JUNE 6, 2014

Topics: Meridian-1 factory freezer trawler


DAKIS: (inaudible) to fish for Blue Grenadier off Tasmania's West Coast over a 49 day quota period. Conservationist have raised concern over the scale of the proposal given their successful campaign against the FV Margiris and the temporary ban on super trawlers. But the Federal Parliamentary Secretary for the Minister for Agriculture, Senator Richard Colbeck, is defending the application. Good afternoon Senator Colbeck.

COLBECK: Good afternoon, Sally.

DAKIS: Let's put it into some sort of context in terms of the scale of what is being suggested, the Meridian-1 is 104 meters long, it is a factory freezer trawler, but how does this compare to the FV Margiris which was 142 meters long?

COLBECK: I think you've basically given the numbers there that indicate the differences in scale. They're similar types of vessels, they're both factory freezer trawlers, but I think the difference in this particular circumstance that listeners need to understand and should understand is that the method for fishing in Blue Grenadier fishery off the West Coast of Tasmania has been going on for many years using the exactly same methods with factory freezer trawlers. So there's no change in the method of fishing, the only difference is in the capacity of the vessel that's accessing the fishery in terms of its physical capacity to store and process fish.

DAKIS: So how (inaudible) is that capacity likely to increase if this is approved?

COLBECK: My understanding is the previous vessel in the fishery was about 87 metres long, so slightly shorter than this one, with a slightly smaller capacity. So that is the basic difference, it's a slightly larger vessel this time around but they're using exactly the same fishing methods that have been used for many years. I think Petuna Sealord, or Petuna as their various incarnations have been, have had four different vessels in this fishery over the time that they've been accessing it.

The Meridian has actually been fishing in New Zealand waters for about 20 years in their Hoki fishery, which is the New Zealand name for Blue Grenadier, which is actually a MSC certified fishery. So it is a well understood fishery and I know that Petuna are actually going through the process of having the Blue Grenadier fishery in Australia MSC certified as well.

DAKIS: So given the concern the community has expressed over the size of the trawler and the fact there is a temporary ban on super trawlers that are over 130 meters long, how confident can you be in terms of reassuring the community about these larger fishing vessels?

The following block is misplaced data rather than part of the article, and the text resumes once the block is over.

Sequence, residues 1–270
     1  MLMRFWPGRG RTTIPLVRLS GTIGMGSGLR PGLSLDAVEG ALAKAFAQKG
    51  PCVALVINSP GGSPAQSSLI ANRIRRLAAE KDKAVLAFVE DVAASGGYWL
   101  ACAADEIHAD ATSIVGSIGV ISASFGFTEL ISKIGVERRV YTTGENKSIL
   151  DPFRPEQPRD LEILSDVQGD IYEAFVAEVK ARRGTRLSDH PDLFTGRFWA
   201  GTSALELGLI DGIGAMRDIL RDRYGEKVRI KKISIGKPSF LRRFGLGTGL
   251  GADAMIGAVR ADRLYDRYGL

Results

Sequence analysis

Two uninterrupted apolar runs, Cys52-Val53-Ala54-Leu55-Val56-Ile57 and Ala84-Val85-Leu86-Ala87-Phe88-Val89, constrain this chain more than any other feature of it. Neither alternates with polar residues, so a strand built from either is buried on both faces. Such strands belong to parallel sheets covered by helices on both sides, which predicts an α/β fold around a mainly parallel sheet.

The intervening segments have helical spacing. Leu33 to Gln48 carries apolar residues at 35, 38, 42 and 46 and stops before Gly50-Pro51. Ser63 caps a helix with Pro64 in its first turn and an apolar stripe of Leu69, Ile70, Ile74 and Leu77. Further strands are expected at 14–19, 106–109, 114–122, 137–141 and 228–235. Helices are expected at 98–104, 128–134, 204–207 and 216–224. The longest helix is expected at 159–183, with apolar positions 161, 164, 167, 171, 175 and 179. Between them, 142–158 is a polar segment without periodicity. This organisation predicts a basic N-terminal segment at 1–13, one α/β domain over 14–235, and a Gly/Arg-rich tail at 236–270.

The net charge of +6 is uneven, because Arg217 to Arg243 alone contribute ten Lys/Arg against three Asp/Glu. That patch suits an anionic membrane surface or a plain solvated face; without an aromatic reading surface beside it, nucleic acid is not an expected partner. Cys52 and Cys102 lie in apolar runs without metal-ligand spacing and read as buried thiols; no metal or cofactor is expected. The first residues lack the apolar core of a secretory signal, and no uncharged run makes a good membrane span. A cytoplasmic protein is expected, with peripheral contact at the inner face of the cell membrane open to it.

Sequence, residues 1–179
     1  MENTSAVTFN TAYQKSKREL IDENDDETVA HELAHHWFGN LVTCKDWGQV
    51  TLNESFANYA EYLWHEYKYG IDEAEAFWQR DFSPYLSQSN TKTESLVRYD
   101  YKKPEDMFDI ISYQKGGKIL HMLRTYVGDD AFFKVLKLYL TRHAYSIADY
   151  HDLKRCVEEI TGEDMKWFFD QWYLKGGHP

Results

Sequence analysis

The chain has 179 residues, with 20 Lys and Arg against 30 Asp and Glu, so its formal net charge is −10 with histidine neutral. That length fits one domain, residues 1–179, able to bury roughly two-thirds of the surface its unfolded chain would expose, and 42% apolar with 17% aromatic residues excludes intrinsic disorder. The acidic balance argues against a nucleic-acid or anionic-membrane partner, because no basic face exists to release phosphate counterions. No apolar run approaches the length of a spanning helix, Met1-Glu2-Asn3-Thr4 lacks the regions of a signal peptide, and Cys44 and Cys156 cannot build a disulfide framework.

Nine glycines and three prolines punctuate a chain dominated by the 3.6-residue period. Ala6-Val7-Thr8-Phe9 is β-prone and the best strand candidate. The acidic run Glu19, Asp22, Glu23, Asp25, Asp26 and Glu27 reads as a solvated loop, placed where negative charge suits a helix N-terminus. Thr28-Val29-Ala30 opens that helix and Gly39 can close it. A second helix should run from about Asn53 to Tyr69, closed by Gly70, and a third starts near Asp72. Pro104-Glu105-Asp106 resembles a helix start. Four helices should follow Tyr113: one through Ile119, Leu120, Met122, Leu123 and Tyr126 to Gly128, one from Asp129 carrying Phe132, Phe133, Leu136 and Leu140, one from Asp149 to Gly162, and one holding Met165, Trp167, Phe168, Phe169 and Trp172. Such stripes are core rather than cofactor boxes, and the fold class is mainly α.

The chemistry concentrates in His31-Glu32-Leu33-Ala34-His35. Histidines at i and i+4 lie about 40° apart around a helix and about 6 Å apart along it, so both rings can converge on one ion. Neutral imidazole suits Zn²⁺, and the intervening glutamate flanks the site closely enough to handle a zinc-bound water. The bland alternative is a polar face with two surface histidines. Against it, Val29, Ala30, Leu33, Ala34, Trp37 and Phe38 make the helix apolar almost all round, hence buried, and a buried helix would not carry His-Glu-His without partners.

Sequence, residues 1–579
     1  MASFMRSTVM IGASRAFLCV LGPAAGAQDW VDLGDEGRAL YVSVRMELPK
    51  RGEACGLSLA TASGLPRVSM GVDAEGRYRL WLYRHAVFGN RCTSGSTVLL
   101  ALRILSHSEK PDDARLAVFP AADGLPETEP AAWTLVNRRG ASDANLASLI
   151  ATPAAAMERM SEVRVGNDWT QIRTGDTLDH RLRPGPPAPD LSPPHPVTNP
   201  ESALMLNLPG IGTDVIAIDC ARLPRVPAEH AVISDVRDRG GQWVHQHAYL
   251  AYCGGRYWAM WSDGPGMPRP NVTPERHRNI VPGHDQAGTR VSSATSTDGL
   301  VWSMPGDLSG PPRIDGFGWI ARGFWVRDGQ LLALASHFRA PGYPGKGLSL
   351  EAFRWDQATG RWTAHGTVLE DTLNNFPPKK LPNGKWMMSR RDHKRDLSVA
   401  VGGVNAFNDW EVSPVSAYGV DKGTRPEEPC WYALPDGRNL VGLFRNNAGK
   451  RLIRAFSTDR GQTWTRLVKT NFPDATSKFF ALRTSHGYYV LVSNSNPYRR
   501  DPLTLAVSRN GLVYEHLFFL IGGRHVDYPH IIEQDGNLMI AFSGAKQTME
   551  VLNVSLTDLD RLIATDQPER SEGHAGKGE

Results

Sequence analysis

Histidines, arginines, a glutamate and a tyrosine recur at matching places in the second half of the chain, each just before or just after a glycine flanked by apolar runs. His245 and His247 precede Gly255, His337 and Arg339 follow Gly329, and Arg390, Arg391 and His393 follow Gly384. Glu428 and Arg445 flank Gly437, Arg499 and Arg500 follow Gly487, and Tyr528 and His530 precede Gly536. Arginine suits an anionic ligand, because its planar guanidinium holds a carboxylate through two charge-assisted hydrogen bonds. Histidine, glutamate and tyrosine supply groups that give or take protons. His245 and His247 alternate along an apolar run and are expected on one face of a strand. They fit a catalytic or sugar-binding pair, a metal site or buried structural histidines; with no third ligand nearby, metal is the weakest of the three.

COLBECK: Well the important thing to remember is that our fisheries in Australia are managed by quotas, so the size of the vessel really doesn't matter in that context because you are limited to how much fish you can take by the actual quota that is available for fishing. That operates in this fishery as well as it did in the small pelagic fishery that we talked about during the discussion around the Margiris.

This fishery has been accessed in this way for many, many years now and there is absolutely no change to the method of fishing. The only issue is a slightly larger vessel with a slightly larger capacity in respect of its processing capacity and storage capacity.

DAKIS: In terms of the process through AFMA, there has been some disquiet expressed in the press today that its come as a bit of a surprise. Rebecca Hubbard from Environment Tasmania suggests that this is a new proposal that is something different and there ought to be public consultation. Now there's no need for that in the legislation, but do you think it is an expectation that the public is consulted about this?

COLBECK: I would object the assertions put by Rebecca Hubbard. The company has been talking to Government and I know ENGOs and community about this for a period of time. I think this is from Environment Tasmania more of an anti-industry campaign than it is anything about conservation, or more likely a chance for a bit of publicity.

DAKIS: What would be a problem with having wider public consultation?

COLBECK: Well it's interesting that claim was made because part of the process of having this fishery MSC certified is public consultation and that process did occur earlier this year, I saw the advertisements in the newspapers. Yet nobody turned up to the public consultation process. So I think this is more of a fear campaign run by anti-industry groups rather than about anything that is genuinely about fishing.

I have to say I am somewhat disgusted about the approach that has been taken, there's a fear campaign being run by these groups trying to pretend that big is bad.

We're talking about fishing off the West Coast of Tasmania in the middle of winter. I had a look at the wave height indicator earlier today and there are waves just this week of over eight metres, and in that fishing context a fishing boat of scale is also about safety.

I think all of those considerations need to be looked at before we start running off on some sort of scare campaign.

060614 COLBECK - transcript of interview on ABC Country Hour with Sally Dakis
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